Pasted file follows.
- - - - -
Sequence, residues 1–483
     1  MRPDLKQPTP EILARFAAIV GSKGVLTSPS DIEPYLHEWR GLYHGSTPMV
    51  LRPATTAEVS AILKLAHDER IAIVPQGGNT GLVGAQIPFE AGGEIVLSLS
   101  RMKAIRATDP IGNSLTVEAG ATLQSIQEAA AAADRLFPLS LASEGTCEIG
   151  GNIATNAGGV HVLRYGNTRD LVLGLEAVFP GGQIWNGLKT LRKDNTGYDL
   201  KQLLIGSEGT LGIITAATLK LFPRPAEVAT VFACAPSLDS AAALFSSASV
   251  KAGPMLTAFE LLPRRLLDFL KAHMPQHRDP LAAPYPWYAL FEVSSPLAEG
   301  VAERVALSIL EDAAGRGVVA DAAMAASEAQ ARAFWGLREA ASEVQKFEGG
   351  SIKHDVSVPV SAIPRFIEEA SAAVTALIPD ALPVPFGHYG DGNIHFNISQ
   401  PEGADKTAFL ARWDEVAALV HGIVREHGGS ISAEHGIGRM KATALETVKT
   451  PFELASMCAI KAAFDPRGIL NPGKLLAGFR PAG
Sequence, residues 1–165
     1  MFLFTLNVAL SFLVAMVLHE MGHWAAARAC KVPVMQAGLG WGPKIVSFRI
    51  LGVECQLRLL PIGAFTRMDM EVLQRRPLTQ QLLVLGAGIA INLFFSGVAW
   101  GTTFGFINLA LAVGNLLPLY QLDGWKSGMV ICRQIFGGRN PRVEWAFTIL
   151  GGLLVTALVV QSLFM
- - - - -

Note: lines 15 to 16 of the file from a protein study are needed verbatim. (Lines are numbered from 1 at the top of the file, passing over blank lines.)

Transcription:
   101  GTTFGFINLA LAVGNLLPLY QLDGWKSGMV ICRQIFGGRN PRVEWAFTIL
   151  GGLLVTALVV QSLFM